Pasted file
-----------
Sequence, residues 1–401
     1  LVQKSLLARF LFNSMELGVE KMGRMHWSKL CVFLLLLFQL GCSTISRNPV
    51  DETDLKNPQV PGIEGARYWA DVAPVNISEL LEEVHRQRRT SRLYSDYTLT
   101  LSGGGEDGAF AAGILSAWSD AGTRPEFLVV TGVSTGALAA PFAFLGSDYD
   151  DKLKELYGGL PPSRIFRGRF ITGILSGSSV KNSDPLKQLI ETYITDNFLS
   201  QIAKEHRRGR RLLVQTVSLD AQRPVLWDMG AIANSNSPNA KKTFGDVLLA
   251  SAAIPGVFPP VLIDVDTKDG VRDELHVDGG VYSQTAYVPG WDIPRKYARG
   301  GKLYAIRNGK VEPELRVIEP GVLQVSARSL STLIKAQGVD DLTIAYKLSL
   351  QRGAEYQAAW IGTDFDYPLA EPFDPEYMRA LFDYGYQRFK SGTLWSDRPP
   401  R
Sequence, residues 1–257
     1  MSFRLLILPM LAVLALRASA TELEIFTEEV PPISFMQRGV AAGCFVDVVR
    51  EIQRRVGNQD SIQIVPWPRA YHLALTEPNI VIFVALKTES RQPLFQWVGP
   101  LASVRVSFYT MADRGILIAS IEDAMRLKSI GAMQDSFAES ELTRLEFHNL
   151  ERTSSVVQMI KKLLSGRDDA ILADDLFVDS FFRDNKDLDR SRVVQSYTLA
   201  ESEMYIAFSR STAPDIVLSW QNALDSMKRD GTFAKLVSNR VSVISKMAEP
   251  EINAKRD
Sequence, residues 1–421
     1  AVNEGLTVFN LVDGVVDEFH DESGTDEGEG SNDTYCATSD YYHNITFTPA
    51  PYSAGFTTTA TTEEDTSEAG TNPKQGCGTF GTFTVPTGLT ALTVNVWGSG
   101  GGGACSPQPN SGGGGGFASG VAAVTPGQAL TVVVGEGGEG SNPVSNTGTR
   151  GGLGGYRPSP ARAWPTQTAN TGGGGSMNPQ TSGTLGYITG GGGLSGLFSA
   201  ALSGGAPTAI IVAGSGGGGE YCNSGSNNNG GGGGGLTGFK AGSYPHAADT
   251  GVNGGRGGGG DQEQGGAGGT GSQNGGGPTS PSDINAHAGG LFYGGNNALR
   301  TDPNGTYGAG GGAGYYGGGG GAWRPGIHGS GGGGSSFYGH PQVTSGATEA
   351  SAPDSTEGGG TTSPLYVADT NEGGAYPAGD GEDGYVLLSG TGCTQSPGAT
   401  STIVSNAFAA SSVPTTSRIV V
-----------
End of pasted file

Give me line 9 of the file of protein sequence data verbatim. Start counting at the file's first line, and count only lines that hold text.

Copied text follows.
   351  QRGAEYQAAW IGTDFDYPLA EPFDPEYMRA LFDYGYQRFK SGTLWSDRPP